Let's start with tax rate. We used to have a 40 percent tax rate. I think most of you would agree with me that you don't think IBM as a company should overpay taxes. We should pay what we owe, but we shouldn't overpay. We felt that 40 percent was about 10 points too high, and our financial teams around the world worked very hard to get that tax rate down. And now it's 29-30 percent. That's good business.
It saves us money. We'd rather reinvest it in our business versus give it to governments for taxes. I hope you agree with me. I imagine you manage your household the same way.
Secondly, share buyback. Yes,
we have purchased a lot of IBM shares back. As a management team, we're very confident in the future of
IBM, and share buybacks has been accretive to earnings.
It's a positive contributor to IBM earnings. Our multiple goes up and our
stock goes up, which gives us a larger market capitalization to reinvest
in our business. Again,
this is just very good business.
We could have bought a bunch of dot-coms and then written them all off like some of our colleagues did. We didn't do that. We were very disciplined and we invested in ourselves.
The last one is intellectual property and it's the most incredulous of all. We invest in excess of $5 billion a year in research and development. We have brilliant scientists and technical people in IBM inventing things. We use some of the most wonderful inventions in our products and take them to market in our software, hardware, services. Other inventions we don't take to market for various business reasons. So we license that. We generate income on their inventiveness. What is wrong with leveraging the wonderful capabilities we have in our technical community? Now, because we invest so much money in research and development, we use income from intellectual property as an offset to expense. We could count it as revenue; we chose not to.
We've been doing it this way since we
began in 1987. So, there are no issues in intellectual property. These
accounting practices make good business. And anyone who has an agenda or
wants to start a rumor for whatever reasons can take a line item and pick
it apart say, this is a big problem at IBM or GE or some other really
prestigious world-class companies and get a headline or get some coverage
It's very important that you understand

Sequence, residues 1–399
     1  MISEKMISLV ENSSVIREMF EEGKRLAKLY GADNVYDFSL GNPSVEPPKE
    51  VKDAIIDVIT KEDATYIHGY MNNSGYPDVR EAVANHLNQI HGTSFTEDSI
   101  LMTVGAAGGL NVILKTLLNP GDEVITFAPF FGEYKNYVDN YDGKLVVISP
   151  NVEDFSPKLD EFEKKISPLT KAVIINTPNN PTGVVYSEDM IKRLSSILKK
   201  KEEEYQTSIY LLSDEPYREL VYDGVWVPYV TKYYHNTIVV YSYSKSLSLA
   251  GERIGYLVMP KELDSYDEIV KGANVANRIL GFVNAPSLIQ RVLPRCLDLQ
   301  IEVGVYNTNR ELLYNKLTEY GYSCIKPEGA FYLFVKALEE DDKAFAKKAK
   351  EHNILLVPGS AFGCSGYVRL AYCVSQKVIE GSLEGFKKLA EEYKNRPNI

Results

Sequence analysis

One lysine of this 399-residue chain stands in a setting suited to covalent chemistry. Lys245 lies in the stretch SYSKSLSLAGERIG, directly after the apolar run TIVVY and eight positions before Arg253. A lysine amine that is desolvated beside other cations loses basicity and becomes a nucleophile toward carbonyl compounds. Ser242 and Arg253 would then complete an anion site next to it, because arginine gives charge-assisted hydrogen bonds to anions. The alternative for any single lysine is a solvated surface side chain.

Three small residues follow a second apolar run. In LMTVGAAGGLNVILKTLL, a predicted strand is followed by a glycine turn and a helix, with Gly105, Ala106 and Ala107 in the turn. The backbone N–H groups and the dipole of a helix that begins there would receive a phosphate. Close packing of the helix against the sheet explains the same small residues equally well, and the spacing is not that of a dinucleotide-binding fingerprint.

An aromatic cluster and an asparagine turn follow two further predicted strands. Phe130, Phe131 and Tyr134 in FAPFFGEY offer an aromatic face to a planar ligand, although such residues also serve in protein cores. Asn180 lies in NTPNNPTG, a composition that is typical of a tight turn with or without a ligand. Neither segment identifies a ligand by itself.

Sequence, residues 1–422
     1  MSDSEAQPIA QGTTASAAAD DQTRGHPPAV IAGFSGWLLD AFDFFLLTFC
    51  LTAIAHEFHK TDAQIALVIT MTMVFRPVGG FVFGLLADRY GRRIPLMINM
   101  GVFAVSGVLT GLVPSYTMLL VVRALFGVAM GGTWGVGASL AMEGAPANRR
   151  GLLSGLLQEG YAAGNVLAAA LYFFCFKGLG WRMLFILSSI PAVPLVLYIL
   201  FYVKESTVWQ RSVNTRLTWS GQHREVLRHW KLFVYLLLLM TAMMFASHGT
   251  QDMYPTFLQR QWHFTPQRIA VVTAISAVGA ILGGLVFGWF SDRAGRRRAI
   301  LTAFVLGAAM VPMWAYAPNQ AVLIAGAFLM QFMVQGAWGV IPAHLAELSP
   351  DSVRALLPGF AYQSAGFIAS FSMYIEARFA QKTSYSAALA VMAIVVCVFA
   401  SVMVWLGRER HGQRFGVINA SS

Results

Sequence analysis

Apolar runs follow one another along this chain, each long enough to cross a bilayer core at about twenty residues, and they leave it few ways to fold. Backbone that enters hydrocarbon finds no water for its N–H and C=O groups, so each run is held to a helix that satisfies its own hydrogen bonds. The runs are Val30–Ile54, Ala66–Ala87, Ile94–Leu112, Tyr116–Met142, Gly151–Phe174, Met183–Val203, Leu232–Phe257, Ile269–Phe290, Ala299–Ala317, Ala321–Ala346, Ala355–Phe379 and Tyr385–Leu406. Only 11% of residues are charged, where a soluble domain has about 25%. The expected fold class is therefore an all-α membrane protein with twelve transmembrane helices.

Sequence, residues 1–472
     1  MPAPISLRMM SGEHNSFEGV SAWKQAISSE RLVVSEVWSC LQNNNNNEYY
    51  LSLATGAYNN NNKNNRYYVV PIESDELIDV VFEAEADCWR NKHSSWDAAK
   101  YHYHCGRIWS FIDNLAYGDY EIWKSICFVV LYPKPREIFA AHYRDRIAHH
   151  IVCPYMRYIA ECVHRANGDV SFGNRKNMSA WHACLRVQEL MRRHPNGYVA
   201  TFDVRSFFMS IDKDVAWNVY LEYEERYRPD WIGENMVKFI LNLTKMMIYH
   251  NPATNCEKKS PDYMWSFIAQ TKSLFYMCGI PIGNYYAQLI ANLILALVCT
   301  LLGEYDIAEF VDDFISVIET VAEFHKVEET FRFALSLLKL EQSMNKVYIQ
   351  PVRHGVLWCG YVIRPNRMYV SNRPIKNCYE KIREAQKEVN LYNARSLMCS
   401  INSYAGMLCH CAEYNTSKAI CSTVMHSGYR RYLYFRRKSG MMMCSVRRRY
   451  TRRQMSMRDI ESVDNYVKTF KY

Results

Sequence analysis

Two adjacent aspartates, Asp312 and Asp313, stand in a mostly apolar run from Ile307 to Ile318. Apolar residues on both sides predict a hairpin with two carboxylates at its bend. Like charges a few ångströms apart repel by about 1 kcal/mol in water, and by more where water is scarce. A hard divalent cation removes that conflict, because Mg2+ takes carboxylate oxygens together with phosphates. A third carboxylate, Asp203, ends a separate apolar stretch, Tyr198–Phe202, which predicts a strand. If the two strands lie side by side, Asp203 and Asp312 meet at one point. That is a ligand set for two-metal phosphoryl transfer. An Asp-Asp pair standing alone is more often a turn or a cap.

there are no issues with IBM. And in fact we've gone from being called out
to now being viewed as a role model because of the way we've dealt with
the situation. Last night on CNBC, Laura Unger, former commissioner of the
SEC, spoke about IBM as a role model. And I'd like to run that video.
TV NEWS ANCHOR: So what do you think is the best solution? I mean, can the industry — can companies self regulate, is the SEC part of that solution? I mean, it's a very difficult question.
LAURA UNGER: I think you don't want the
SEC too involved in the details of corporate disclosure. Broad based
policy is a good way to approach that part of the SEC's responsibility. I
think it's helpful when you have corporate leadership such as IBM coming
out and saying more and really raising the bar of other public companies.
And we need to see a change and attitude adjustment in corporate America.
And I think that will go a long way towards providing more transparency...
PALMISANO: So that's behind us.
I'd like to get on something we can really
impact and do something about — and that's our business. I'd like to
spend some time talking about our business, because
quite honestly we did not have a good start to the
year. And as I said earlier, it's a tough
environment. Given that, we need to improve. Let me put all this in
First the numbers. Revenues were down nine
percent in constant currency. Our net income was down 32 percent and our
earnings per share down 31 percent. It was a very, very tough, tough
quarter. I'd like to add that we generated in pretax dollars — this is
after tax $1.2 billion — $1.7 billion of tax income. We also generated
about $4 billion of cash in IBM.
And I think when all the earnings are out,
it's going to be like it was last year — if you take the total income of
our top seven competitors and compare it to IBM's income, you'll see we
earned more than half of the profit that was earned in the industry.
We have a challenging environment to
operate in, but we don't have any long-term sustainable financial
problems. We're making more money than anybody else out there. We are also
executing in a very tough climate. I
want to go through what didn't go so well and what went well in 1Q. There
were some pretty positive stories in the quarter.
Let's start with what didn't go so well.
We knew we were going to have a tough first quarter because we exited the
fourth quarter under a very similar set of circumstances. We saw customers
deferring decisions. What happened to us, especially in our large
profitable servers and in software, was we just couldn't get all the
transactions closed. [...]
And public sector: Governments thankfully spend money in all kinds of economic conditions. And when they spent, we got more than our fair share, so we grew double digits there. We also grew double digits in Italy and Korea.
So there are several examples where we
were able to continue to grow the business nicely in a very, very tough
I want you to step back and go through
what's going on in the world. I don't mean this as an excuse. Most of you
who know me know I don't rationalize anything. I straight-talk, I deal